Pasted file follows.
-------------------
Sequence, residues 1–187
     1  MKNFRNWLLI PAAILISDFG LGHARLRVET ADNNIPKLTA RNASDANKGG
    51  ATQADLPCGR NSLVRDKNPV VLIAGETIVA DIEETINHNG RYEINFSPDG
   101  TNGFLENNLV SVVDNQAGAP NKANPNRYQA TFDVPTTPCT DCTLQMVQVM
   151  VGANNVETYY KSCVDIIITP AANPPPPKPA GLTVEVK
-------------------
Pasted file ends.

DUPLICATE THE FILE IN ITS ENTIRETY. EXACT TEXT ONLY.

Sequence, residues 1–187
     1  MKNFRNWLLI PAAILISDFG LGHARLRVET ADNNIPKLTA RNASDANKGG
    51  ATQADLPCGR NSLVRDKNPV VLIAGETIVA DIEETINHNG RYEINFSPDG
   101  TNGFLENNLV SVVDNQAGAP NKANPNRYQA TFDVPTTPCT DCTLQMVQVM
   151  VGANNVETYY KSCVDIIITP AANPPPPKPA GLTVEVK